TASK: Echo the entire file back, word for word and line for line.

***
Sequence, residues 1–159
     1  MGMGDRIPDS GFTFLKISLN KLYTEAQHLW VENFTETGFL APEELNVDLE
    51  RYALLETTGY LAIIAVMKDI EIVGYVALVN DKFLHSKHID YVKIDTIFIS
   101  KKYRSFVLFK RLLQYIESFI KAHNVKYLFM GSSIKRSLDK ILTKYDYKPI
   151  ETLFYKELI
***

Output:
Sequence, residues 1–159
     1  MGMGDRIPDS GFTFLKISLN KLYTEAQHLW VENFTETGFL APEELNVDLE
    51  RYALLETTGY LAIIAVMKDI EIVGYVALVN DKFLHSKHID YVKIDTIFIS
   101  KKYRSFVLFK RLLQYIESFI KAHNVKYLFM GSSIKRSLDK ILTKYDYKPI
   151  ETLFYKELI